Of course her conversation is a symbol for the longer conversation the Lord needs to have with us. “Conversation” can be understood here as a kind of journey we make with the Lord, who along the way enters into an ever-deeper dialogue with us through prayer and his presence in our life.

There is for the Christian the summons to enter into an ever deeper, living, and conscious contact with the Lord at every moment of our day. And thus, not only in our prayer, but throughout our day, in the people we meet, in the created world, and in the events of our day, we experience the Lord speaking to us, present to us.

Here then is described an ever-deepening conversation with the Lord, a transformative union in which his living waters flow ever more deeply. The increasing results, if we stay with him in the conversation, are deeper serenity, joy, freedom from sin, and ever-deepening satisfaction with the magnificence of his grace, and his word.

And so we, like the woman at the well, see less and less need for a water jar, that is, for our obsessive need to collect the things of the world and store them up. We, like the woman at the well, come to the point where we can leave the water jar behind. We live more simply, are less needful of the world’s false and empty promises. We live more simply and joyfully in the presence of the Lord, in the power of his Word and Sacraments, in the joy of knowing him, and in his Body the Church.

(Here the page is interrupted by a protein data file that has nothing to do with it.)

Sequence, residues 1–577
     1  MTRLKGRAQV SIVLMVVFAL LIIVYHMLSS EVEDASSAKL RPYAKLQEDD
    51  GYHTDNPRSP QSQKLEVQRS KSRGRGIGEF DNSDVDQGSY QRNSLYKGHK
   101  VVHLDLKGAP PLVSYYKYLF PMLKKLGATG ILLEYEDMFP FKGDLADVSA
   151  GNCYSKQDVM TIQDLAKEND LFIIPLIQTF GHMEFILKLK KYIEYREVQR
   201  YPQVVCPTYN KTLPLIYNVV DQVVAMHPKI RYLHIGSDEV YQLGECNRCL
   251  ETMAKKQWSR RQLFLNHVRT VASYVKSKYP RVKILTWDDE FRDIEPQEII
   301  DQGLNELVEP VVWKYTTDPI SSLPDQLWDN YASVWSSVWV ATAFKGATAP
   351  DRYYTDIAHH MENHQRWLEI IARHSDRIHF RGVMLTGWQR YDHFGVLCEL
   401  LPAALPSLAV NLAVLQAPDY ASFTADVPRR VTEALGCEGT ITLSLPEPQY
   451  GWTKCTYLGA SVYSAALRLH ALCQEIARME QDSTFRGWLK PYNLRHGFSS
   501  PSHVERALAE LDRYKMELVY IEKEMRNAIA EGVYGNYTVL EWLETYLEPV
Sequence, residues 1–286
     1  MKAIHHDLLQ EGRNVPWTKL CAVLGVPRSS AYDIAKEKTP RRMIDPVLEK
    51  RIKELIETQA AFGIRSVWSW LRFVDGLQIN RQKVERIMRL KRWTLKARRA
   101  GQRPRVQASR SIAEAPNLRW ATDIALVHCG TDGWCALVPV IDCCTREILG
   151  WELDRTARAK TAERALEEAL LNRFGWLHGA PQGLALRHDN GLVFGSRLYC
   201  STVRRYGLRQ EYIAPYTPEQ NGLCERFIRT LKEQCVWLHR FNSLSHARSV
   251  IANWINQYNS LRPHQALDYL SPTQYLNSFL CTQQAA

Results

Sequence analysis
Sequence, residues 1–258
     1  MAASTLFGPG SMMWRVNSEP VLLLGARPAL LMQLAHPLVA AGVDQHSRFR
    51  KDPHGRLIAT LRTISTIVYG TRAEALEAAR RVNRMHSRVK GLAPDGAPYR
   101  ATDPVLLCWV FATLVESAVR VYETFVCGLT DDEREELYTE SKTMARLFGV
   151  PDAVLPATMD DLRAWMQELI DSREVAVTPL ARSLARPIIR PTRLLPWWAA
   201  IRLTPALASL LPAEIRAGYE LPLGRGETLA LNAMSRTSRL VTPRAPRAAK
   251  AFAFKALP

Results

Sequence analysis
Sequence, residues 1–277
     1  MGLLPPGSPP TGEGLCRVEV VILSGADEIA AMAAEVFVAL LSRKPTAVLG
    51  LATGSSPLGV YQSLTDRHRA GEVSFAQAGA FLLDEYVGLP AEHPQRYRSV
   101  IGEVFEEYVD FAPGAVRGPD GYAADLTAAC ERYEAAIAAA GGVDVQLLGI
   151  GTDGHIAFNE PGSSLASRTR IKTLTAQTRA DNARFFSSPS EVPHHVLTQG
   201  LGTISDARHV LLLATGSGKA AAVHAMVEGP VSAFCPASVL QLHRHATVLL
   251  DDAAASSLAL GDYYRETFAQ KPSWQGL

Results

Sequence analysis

And thus, for those who might scoff or be cynical of the Lord’s promise of living waters wherein we will never thirst again, there comes a double call to be converted, and to embark on a lifelong conversation with the Lord.

It works only if you work it; so work it because you’re worth it! Of this, I am a witness. I am 53 years old, but I have only been serious about my spiritual life for the last 30 of those 53 years. Prior to that time I lived frivolously and the details are both unedifying and unnecessary. But 30 years ago I entered the seminary and began to pray for an hour every day, to read Scripture every day, to attend Mass every day, and to go to confession once a week. The result? My life has become simpler and richer. Less do the passing obsessions of this world interest me. The Lord is my strength and my song. Living Waters are in fact welling up within me; I am increasingly satisfied only by God and the things of God. Yes, the Lord’s word is true!

How I Discovered Happiness

Love this post from Soberista!

My journey, from wine lover to sober and happy...

I’m 38 years old and struggled with depression, anxiety and the odd panic attack for twenty years of my life, prior to April 2011. My nerves frequently got the better of me, and my obvious lack of confidence in work and social situations held me back and prevented me from fulfilling my potential for many years. If you had asked me to describe my personality a few years ago, I would have responded with a jumbled, insecure answer; unsure of who I really was, full of pretence as to the person I wanted to be, knowing that inside I didn’t particularly like myself but not fully realising how to change. All of that stopped when I quit drinking alcohol three years ago.

If you have a sneaky suspicion that alcohol is controlling you a little more than you feel comfortable with then read on – this may be the first…

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Buy the Book: Stations of the Cross for Alcoholics

Reblogging this from last year! My friend “Sober Catholic” wrote this wonderful book and it’s perfect for Lent! You can buy a copy over at his blog Sober Catholic. Enjoy!

Catholic Alcoholic

stations-cross-for-alcoholics-paul-sofranko-paperback-cover-art Just in time for Good Friday , I’ve discovered, The Stations of the Cross for Alcoholics by Paul Sofranko, a terrific e-book written by my friend who blogs over at ‘Sober Catholic.’